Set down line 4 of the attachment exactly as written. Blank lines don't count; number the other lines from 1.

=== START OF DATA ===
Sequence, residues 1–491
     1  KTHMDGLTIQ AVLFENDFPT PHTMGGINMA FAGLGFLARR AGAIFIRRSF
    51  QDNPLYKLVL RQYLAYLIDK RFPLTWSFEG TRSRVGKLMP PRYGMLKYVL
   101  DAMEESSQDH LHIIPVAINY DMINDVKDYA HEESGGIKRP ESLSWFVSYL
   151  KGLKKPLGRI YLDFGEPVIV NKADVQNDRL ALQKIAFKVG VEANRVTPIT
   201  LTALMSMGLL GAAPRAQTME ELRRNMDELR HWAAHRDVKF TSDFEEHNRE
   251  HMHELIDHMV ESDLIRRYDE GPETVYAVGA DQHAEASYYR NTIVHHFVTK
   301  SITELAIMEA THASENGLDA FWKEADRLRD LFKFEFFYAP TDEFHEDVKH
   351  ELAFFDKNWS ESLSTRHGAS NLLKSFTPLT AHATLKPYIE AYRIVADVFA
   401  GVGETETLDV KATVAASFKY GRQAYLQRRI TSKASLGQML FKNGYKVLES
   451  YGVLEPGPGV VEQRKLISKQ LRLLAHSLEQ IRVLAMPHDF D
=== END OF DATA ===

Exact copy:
   101  DAMEESSQDH LHIIPVAINY DMINDVKDYA HEESGGIKRP ESLSWFVSYL